When asked about whether the emergency powers and the bonding bill should be “de-linked,” Senator Limmer said he’s certainly in favor of the governor relinquishing his ‘singular one-man power over the state,’ but conceded that the issue shouldn’t hold up the bonding bill.
“Our economy has been hurt by the COVID-19 isolation,” Limmer said. “And the bonding bill, if we got money rolling, got our civic projects up and rolling again, that’s going to put a lot of people back to work, and it’s also going to be a tremendous shot in the arm for our economy. And I think that’s very important for us to consider. I just don’t think it’s the right moment to hold a bonding bill captive. I think we can cajole the governor into releasing some of this authority and power under his peacetime, one-man rule, different ways. I just don’t think it’s necessary to hold up a bonding bill.”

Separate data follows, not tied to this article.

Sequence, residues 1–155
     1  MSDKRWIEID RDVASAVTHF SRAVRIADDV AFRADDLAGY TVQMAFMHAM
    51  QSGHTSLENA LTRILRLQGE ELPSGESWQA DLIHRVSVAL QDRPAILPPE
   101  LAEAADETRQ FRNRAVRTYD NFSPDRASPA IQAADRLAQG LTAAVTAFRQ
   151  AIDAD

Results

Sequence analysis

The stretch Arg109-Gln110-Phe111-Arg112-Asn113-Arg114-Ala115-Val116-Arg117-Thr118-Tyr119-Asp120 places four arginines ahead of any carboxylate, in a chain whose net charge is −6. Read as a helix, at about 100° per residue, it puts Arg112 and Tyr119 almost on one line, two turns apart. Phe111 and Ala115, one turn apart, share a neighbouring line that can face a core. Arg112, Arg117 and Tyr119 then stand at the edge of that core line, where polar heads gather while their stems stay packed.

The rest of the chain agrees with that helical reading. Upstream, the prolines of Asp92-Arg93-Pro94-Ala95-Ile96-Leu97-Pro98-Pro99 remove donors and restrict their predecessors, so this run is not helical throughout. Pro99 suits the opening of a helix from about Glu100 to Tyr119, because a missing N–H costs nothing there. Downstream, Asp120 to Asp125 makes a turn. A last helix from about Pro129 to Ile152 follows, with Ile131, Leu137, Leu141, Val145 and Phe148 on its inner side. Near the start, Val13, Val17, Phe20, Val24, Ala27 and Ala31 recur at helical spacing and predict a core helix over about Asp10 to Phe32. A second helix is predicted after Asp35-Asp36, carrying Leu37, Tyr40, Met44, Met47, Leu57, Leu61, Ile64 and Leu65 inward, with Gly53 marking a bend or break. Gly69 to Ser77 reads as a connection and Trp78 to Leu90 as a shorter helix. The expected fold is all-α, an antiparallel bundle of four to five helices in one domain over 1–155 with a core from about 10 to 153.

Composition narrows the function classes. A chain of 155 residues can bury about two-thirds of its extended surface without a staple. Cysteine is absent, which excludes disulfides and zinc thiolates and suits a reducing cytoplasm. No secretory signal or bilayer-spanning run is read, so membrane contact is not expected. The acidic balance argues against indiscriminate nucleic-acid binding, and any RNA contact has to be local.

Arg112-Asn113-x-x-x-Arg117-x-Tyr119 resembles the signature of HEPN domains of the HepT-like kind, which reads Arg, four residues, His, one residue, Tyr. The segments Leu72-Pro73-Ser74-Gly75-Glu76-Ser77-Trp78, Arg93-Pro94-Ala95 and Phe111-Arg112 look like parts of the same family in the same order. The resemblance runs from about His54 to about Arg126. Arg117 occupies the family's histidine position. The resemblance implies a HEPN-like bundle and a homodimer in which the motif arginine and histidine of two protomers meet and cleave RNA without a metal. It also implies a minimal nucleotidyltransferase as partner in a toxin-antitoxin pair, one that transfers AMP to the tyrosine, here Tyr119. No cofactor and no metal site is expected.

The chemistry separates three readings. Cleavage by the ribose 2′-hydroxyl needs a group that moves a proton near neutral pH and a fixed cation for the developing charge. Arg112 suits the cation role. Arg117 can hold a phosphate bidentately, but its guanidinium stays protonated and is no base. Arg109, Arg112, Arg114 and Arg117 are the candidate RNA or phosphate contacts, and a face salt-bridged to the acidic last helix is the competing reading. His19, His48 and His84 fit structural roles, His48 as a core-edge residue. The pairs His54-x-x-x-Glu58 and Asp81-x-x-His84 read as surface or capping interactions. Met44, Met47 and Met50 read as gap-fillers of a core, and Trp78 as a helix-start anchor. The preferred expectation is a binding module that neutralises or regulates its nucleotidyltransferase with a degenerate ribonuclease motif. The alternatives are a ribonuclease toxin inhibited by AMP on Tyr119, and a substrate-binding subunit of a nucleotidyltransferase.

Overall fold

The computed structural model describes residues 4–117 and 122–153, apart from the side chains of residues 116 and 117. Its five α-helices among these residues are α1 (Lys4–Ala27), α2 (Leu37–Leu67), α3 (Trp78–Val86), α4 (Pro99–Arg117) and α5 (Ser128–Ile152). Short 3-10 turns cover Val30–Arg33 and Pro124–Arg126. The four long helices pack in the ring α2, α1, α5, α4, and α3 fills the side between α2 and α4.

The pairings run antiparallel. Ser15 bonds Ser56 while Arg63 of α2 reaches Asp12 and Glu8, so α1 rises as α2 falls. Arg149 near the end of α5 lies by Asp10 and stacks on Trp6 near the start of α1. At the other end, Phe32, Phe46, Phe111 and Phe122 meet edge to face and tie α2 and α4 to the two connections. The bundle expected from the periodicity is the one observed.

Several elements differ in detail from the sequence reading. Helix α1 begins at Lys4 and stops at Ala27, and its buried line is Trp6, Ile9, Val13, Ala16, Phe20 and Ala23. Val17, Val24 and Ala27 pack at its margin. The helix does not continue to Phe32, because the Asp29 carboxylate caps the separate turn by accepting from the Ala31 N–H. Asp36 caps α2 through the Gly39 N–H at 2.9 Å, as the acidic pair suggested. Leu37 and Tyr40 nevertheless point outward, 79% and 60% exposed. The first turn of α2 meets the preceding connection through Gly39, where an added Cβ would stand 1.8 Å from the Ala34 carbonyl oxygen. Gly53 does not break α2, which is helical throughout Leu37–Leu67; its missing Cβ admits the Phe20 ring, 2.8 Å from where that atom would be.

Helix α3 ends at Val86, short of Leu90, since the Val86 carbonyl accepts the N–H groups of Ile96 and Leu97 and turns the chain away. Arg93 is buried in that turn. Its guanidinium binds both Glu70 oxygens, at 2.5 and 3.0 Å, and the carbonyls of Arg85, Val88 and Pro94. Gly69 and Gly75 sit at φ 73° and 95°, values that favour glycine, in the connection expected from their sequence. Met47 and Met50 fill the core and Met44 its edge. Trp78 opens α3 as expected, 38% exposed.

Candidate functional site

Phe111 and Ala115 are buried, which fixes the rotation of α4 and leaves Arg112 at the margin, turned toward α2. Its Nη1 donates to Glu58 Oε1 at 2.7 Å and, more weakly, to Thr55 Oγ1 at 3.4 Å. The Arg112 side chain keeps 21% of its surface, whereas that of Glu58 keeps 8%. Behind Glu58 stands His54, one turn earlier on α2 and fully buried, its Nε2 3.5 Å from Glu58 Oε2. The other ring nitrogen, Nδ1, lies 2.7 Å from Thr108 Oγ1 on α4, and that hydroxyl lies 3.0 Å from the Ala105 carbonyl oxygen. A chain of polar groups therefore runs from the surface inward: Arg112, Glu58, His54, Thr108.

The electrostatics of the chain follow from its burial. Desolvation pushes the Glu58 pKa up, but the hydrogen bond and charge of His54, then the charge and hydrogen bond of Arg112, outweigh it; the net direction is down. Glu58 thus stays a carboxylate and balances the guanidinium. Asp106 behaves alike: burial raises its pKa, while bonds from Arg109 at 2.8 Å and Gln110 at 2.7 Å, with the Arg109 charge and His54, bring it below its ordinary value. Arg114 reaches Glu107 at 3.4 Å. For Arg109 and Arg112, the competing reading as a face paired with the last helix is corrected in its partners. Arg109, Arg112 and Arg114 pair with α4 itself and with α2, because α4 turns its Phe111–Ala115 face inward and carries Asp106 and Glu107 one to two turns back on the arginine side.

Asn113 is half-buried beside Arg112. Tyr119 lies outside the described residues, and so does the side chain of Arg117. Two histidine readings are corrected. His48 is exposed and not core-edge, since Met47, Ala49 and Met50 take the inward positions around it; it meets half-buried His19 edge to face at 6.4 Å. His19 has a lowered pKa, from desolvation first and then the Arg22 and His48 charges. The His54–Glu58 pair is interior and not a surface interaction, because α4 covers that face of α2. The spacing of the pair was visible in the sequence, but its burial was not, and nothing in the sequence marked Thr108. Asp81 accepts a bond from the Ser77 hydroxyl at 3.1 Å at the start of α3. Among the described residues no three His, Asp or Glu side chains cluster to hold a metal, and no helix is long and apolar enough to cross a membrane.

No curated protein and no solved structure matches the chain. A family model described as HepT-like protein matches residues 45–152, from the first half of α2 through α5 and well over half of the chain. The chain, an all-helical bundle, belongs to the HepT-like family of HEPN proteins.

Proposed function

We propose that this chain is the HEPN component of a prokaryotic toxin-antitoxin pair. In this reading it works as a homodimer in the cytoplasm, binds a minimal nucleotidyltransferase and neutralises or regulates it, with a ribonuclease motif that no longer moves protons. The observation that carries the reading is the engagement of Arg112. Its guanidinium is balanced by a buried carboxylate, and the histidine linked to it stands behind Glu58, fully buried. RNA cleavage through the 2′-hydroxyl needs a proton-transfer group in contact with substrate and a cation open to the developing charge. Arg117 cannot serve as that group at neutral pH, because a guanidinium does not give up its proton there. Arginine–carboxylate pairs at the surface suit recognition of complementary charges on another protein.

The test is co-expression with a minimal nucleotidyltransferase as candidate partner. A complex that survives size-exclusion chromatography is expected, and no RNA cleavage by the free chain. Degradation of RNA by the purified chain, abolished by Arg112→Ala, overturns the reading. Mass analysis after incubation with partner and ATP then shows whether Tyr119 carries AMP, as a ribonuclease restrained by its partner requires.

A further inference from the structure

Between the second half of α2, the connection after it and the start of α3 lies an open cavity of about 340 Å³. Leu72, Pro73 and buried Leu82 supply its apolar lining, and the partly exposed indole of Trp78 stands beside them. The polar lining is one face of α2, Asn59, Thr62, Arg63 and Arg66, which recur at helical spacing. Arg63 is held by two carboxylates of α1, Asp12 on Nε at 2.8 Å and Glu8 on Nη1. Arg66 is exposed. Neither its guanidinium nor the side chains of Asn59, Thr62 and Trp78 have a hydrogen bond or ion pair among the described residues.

Police reform and accountability
Meanwhile, police reform and accountability will be another big topic of discussion this week. Speaker Hortman says the conversation between Democrats and Republicans at the State Capitol only began during the last special session, but she’s hopeful an agreement will happen this week.
“There is a genuine desire on the part of everyone to get there,” Hortman said. “The question is, will the reform and accountability that Republicans are willing to live with be good enough for Democrats? I mean, we are very serious about the reform and the accountability pieces of that. More rules and more training are not going to change lives. What we need are consequences for failure to live up to the standards.”
On that topic, Senator Limmer says they’re still negotiating the police accountability bill, but they’re “very close” on many of the major provisions of the House and Senate proposals.